Certificate of deposit rates continue their slide this week, the financial equivalent of a death march for weary bank interest rate investors.
We have the exact numbers below, as measured by the BankingMyWay Weekly CD Rate Tracker, but the reasons for the slow-motion cliff dive for CD rates remain pretty much the same — with a potentially frightening new ingredient tossed into the pot from the Federal Reserve.
The latter data point comes from the Royal Bank of Scotland (Stock Quote: RBS) in two spots, via its U.S. Weekly Economic Update for June 21, and also through a separate June letter to investors from chief economist Andrew Roberts.
First, it looks a lot like the global recession, which was supposed to be herded out the door by global economic policy makers, is back lurking on the doorstep. A big reason why is that the key indicators pointing to a recession, especially the absence of inflation, are back on the table.
Says the RBS in last week’s update: "'Dis-inflation' remained the theme in the May inflation release. Consumer price inflation dipped to 2% y/y in May, from 2.2% in April, maintaining the downward trend that started in January. Volatile movements in energy prices were behind the change — they were almost 15% higher than last year — whilst core CPI, which excludes energy, was just 0.9%, highlighting that deflation (outright declines in consumer prices) remains a real risk if the pace of the recovery slackens."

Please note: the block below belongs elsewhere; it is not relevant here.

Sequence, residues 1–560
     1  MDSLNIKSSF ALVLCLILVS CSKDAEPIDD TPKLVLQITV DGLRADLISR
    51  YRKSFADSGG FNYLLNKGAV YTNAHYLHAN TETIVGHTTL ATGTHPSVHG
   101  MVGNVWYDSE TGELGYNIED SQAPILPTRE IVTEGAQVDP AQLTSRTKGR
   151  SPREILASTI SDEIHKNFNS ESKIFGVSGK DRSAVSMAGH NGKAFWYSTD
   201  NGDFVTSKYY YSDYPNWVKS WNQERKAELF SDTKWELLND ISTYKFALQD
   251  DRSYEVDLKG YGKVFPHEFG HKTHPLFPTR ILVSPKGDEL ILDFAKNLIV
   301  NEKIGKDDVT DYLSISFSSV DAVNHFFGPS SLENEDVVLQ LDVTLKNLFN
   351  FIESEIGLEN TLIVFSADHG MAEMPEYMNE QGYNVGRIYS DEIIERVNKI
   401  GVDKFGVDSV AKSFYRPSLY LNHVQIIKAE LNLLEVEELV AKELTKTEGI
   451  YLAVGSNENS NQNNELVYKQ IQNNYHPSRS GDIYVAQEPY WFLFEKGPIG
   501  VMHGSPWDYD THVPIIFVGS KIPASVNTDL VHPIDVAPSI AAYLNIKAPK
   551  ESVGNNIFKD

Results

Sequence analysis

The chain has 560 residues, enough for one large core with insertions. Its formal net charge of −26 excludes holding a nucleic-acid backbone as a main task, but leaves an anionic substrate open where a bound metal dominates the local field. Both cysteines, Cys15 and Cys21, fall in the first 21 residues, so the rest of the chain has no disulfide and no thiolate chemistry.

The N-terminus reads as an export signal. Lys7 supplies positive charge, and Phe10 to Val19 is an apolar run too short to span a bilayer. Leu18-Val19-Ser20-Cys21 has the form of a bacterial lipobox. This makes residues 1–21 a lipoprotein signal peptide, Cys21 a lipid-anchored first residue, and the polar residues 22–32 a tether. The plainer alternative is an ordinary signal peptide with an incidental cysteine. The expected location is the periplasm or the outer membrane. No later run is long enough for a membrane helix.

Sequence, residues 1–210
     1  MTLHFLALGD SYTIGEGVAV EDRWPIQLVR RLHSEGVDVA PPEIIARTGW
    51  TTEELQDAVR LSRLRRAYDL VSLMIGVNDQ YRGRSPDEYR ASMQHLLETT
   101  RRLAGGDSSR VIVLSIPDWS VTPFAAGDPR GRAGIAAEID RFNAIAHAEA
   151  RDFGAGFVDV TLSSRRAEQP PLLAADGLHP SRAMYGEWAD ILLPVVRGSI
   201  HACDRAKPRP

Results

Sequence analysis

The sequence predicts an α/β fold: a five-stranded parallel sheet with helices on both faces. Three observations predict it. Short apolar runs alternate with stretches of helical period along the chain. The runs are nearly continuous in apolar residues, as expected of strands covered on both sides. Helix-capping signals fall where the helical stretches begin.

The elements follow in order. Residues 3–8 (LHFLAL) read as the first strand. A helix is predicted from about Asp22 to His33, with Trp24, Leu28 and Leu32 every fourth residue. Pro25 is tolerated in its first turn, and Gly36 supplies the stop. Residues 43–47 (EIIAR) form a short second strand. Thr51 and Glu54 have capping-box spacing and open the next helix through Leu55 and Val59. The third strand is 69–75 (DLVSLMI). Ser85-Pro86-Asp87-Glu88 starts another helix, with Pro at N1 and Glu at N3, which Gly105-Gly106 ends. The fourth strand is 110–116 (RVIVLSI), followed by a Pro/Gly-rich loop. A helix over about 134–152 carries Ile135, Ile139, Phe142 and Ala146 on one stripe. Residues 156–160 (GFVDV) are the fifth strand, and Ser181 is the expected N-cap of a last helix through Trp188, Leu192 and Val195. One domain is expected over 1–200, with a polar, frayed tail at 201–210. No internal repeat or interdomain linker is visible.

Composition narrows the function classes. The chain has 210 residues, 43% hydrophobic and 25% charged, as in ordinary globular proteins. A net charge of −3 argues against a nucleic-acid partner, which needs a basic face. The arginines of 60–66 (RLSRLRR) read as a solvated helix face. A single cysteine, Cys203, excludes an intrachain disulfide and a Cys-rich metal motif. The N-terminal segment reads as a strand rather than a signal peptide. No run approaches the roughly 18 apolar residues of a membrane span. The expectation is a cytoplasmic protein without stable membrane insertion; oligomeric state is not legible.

More threatening is the outlook from RBS’s Roberts, who told his clients last week that a steep fall back into recession might be imminent.
Writes Roberts: “We cannot stress enough how strongly we believe that a cliff-edge may be around the corner, for the global banking system (particularly in Europe) and for the global economy. Think the unthinkable.”
Roberts predicts that the Federal Reserve will have to open up one of its last powerful weapons against the specter of a deep recession — its printing press. He says that the Fed will have to pull the lever on “monster” quantitative easing, i.e. flooding the economy with U.S. dollars, to thwart a global economic downturn.